While there are many people out there who thrive off uncertainty, there are some of us who wish to avoid risk at all costs. The individuals who are unwilling to gamble anything more than quarters when they vacation in Vegas are unlikely to go wild with bets on the stock market. For many of us, the less risk involved in investment the better.
That being said, there is no way to invest money with absolutely no risk. While there have been differing opinions expressed by financial analysts on how to go about building an investment portfolio, it is generally agreed upon that all investments have some degree of risk. Even relatively safe investments have the potential to lose purchasing power as time passes.
Despite no-risk investments not being possible, there are still an abundance of low risk investments that could offer a significant amount of stability while giving you the opportunity of impressive growth.
Risk and Reward in Investing
In the world of financial investment, you might hear the phrase: the higher the risk, the higher the reward. This is generally true. When you invest money, the more risk there is the higher the return could be. In this way, investing and the stock market works a bit like gambling in the most basic sense. You need to be willing to lose money to win big.
But just because more risk can mean more reward does not mean that low risk investments are not worth making. Some of the safest investments can prove to make a world of difference in one’s financial portfolio. The best low risk investments will allow you to obtain growth over time while avoiding the worst of volatility in the stock market.
What Risk Is Involved With Safe Investments?
As there is no such thing as zero risk investments, you might wonder what risk there is with the safest investments. While there is little to no market risk to the principal amount (i.e. the money you initially invested) on the most common low risk investments, your money still has the potential to lose purchasing power through inflation.
However, these safe investments make it possible to keep your risk exposure minimal while still receiving substantial long-term growth. A low risk investment like a money market account, treasury security, or preferred stock are as close as you can get to zero risk while still increasing your net asset value.
Best Low Risk Investments
Limiting your risk exposure especially when you first get into investing is a good idea. Most financial experts agree that sticking with minimal risk options is the best course of action for new investors until they are more familiar with financial markets.
When you are just getting started, you don’t want to throw yourself into the deep end with risky stock investments. It’s a better idea to start small with low risk options and work you way up as you feel more comfortable with your knowledge of the stock market.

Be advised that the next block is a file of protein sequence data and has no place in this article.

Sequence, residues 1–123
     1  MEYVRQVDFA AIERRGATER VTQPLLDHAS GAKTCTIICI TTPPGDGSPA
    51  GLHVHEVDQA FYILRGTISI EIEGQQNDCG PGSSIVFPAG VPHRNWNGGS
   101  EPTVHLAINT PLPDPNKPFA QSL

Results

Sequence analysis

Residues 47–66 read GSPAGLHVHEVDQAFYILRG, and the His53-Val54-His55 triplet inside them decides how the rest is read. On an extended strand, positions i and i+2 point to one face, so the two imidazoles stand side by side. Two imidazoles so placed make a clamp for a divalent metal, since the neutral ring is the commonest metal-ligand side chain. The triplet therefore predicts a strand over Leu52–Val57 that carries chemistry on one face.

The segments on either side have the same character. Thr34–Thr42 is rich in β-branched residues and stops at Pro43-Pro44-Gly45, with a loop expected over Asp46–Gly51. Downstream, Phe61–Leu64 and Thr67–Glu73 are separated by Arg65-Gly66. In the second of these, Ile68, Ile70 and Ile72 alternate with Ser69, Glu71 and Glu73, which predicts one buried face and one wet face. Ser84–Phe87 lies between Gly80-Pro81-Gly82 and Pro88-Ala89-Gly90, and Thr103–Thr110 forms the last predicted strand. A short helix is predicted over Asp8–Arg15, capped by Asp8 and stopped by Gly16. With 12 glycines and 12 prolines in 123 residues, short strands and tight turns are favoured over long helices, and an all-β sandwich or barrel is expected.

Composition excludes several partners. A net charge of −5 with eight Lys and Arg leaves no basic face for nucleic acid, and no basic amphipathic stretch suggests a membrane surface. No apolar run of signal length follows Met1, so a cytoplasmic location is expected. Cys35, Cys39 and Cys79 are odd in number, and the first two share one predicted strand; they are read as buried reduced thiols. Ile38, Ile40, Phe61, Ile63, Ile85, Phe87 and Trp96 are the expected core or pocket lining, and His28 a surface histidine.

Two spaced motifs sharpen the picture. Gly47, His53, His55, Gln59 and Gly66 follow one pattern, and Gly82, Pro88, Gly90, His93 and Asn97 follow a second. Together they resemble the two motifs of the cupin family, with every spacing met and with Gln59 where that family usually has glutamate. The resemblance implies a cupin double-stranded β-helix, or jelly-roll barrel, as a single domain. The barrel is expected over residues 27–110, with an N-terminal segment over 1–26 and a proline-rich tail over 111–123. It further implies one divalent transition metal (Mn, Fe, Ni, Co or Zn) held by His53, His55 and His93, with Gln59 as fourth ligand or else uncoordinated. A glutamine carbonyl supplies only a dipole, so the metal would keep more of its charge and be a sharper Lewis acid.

Luckily, there are plenty of low risk investment options that can get you started. We’ve gathered together some of the safest investments you can make. These low risk investments should be the foundation of your portfolio which you can build upon later when you know what you’re doing.
High Yield Savings Account
A high yield savings account should always be the firm foundation of every financial portfolio. Many people might not think of savings accounts as a form of investment. But a high yield savings account that is left alone for years or decades to grow can provide an significant amount of growth.
The increasing popularity of online banking has impacted the use of high yield savings accounts as a low risk investment. Many online banks offer impressively high interest rates on their savings accounts which could allow a surprising amount of growth in the long term.
High yield savings accounts are insured by the Federal Deposit Insurance Corporation (FDIC) which makes them one of the safest investment accounts. The only risk that will come with high yield savings accounts is a possible loss of purchasing power is if the fixed interest rate of your annual percentage yield (APY) is less than the inflation rate.
Money Market Account
Money market accounts function similarly to savings accounts with high interest rate yields. However, unlike a savings account, you can spend directly from a money market account with limited transactions per month. Money market acounts won’t yield as high returns as investments with more risk. You will see similar interest rates to a savings account with a money market account.
Money market accounts are FDIC insured for up to $250,000 so even if the growth similar to that of a savings account, they are still one of the best low risk investments. Additionally, you may be able to find more competitive interest rates for annual yield on money market accounts with online banks.
Certificate of Deposit
Certificate of deposit accounts, also known as CDs, offer higher interest rates than traditional savings accounts by requiring a minimum deposit which you agree to not move for a set period of time. If you need to withdraw money from your CD account before the maturity date, you will be charged a penalty.